“We found a reduced sensitivity to sucrose and learning performance for the groups chronically exposed to GLY concentrations within the range of recommended doses,” wrote the authors.

“Altogether, these results imply that GLY at concentrations found in agro-ecosystems due to standard spraying can reduce sensitivity to nectar reward and impair associative learning in honeybees.”

Honeybees bring Roundup back to the hive, poisoning all the other bees.

Indirect exposure to Roundup was also observed during the analysis, as bees were found to bring tainted nectar back to the hive, poisoning all the other bees in the process. While foraging behavior was not observed to be directly affected by bees’ exposure to Roundup, the distribution of Roundup via nectar did have a cumulative effect on the entire hive’s ability to function, which includes foraging.

“We speculate that successful forager bees could become a source of constant inflow of nectar with GLY traces that could then be distributed among nest mates, stored in the hive and have long-term negative consequences on colony performance,” concluded researchers.

A 55-year beekeeping veteran, writing for Mother Earth News, speculated back in 2010 that Roundup is a primary cause of CCD. In his report, Terrence N. Ingram explained how, for years, he observed entire bee colonies collapsing almost immediately after nearby fields were sprayed with Roundup. By the end of the spraying season, entire colonies were completely dead, he repeatedly observed.

You can read Ingram’s report here:

What this means for conventional agriculture is that banning neonicotinoid pesticides isn’t enough to stem the tide of bee die-offs that increasingly threatens the viability of the global food supply. Roundup, one of the most widely used herbicides in the world, will also need to be scrapped if there is any chance at all of preserving our ability to grow food — and more than likely, there are many other untested pesticides in use that are harming honeybees as well.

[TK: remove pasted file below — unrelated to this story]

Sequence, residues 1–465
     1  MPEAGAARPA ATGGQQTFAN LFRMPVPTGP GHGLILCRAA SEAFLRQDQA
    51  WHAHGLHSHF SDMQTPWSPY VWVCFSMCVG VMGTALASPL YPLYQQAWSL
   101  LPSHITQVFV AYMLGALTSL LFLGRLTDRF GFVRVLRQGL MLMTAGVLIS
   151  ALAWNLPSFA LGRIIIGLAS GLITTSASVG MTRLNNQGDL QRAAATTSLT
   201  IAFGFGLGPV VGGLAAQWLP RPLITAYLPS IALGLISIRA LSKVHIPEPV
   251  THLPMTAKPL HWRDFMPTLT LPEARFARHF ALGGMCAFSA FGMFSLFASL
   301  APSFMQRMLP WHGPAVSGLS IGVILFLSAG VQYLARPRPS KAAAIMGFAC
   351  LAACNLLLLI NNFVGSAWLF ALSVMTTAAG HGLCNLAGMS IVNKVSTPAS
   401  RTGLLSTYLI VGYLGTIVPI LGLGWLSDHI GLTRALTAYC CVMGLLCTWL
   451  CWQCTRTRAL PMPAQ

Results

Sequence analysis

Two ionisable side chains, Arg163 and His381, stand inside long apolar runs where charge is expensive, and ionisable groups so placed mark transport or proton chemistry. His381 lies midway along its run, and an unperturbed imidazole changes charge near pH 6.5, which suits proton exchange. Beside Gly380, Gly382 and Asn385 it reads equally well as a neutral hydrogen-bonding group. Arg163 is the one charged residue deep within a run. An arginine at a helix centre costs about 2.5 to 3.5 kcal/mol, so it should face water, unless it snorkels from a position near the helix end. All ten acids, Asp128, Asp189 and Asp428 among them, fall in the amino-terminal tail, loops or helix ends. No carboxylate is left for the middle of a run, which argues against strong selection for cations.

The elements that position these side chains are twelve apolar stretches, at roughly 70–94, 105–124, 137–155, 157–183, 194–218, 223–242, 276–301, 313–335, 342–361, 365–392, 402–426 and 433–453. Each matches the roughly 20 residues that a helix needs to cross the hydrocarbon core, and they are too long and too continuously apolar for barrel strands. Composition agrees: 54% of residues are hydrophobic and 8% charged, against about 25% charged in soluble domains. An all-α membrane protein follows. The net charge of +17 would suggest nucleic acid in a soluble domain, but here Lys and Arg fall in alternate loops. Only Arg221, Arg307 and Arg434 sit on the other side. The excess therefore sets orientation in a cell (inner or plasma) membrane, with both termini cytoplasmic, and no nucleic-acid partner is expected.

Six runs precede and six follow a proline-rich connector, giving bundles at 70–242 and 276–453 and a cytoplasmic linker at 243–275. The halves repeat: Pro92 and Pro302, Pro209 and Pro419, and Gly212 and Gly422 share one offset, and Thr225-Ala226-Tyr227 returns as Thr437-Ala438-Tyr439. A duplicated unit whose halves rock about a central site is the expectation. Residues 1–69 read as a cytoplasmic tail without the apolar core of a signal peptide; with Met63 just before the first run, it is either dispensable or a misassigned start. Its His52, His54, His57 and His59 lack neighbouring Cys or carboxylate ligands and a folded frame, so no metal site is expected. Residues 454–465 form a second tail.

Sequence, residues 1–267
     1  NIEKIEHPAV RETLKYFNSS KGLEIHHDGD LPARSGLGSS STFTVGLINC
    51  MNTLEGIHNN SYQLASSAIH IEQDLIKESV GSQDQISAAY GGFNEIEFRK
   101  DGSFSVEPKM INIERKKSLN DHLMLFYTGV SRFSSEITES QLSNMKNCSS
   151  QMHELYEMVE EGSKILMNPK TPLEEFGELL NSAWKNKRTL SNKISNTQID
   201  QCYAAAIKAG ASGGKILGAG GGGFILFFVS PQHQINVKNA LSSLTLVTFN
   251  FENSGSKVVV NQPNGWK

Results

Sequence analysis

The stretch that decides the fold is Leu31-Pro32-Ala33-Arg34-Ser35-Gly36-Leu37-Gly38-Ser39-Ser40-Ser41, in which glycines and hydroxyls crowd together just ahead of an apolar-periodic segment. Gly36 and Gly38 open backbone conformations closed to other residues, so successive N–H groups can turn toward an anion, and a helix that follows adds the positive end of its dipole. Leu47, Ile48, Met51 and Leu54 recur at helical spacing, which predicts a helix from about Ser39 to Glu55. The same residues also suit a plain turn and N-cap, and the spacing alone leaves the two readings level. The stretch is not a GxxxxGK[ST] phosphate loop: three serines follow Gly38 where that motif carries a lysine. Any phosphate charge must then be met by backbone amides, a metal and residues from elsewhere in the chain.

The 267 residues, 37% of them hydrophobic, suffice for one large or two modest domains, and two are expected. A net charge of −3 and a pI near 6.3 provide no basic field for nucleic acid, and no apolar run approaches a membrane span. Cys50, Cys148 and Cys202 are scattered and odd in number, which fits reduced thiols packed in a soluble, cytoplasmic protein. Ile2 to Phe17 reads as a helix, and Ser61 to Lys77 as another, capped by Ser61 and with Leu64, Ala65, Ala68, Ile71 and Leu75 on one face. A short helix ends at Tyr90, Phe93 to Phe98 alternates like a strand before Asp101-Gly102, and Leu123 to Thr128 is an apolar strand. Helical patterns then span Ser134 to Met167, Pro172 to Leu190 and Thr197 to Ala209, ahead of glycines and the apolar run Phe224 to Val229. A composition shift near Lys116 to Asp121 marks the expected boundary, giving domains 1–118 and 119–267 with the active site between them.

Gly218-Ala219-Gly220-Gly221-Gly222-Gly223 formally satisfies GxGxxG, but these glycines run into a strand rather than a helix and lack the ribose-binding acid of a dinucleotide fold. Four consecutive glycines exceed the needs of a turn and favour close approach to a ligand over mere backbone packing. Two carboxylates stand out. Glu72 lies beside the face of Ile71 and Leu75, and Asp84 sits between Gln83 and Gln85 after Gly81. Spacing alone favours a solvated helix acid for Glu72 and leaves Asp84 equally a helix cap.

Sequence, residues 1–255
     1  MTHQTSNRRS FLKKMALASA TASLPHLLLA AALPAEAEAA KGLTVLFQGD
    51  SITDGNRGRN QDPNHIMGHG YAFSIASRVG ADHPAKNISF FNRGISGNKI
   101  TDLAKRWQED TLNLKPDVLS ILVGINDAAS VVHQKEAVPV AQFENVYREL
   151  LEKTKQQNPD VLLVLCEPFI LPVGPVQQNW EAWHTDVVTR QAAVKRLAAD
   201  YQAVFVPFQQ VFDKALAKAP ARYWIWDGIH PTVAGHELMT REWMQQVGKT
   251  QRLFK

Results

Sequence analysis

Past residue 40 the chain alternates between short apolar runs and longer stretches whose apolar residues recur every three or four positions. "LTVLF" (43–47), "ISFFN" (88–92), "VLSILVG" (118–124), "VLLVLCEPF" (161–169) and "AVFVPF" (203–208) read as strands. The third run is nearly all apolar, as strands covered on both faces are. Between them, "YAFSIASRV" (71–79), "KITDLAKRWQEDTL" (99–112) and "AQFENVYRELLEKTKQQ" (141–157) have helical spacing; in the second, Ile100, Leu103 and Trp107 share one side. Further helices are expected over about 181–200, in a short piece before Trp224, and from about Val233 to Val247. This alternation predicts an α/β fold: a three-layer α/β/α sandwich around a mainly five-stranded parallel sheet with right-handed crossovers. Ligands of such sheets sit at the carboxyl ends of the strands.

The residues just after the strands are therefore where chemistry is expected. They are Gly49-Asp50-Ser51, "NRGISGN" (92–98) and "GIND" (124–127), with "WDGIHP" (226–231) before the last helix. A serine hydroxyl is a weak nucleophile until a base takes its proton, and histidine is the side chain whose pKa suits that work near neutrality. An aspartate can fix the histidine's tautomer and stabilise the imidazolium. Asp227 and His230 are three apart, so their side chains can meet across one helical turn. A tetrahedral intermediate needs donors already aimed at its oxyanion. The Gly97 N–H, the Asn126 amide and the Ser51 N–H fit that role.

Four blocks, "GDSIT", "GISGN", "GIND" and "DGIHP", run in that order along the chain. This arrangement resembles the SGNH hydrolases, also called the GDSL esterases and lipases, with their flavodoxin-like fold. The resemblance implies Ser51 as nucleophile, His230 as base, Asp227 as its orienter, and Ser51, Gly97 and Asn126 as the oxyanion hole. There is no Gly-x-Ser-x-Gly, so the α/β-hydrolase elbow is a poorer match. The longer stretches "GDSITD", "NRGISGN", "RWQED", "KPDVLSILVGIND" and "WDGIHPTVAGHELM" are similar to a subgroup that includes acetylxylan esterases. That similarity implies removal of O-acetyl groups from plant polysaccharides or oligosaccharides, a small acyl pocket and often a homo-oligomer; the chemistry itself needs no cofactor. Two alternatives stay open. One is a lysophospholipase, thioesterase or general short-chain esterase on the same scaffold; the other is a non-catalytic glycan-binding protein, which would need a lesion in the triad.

“This is the first study on the sub-lethal effects of an herbicide on honeybee behaviour and we hope it contributes to understanding how honeybee hives situated in agricultural environments are affected by agrochemicals,” wrote the authors.

You can access the complete study here:

Sources for this article include:

vital healt assessment

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4 thoughts on “Bees are Dying! Monsanto’s Roundup Blamed”

  1. Found this website thought it may be of interest to those reading this article as well. My husband is entering semi retirement this year and we have signed up and are planning to volunteer. It’s called The Great Sunflower Project.

  2. Frances sitek

    Be a bee-friendly gardener…..Canadian Geographic Magazine, December 2008

    Providing food an shelter for flower-feeding insects can offer multiple satisfactions to gardeners:

     Make plantins more natural and complex so that your yard develops an ecological balance.
     Plan your flower beds to provide a steady succession of blooms, since pollinators need food throughout the growing season. This offers sustenance of one sort or another for both insects and humans.
     Introduce heritage varieties or, even better, native plants that are adapted to cater to native pollinators, rather than going for the latest creations of the plant breeders.
     Reserve an untouched corner here and there where pollinators can take refuge. This will bring a new kind of unruly beauty to the garden.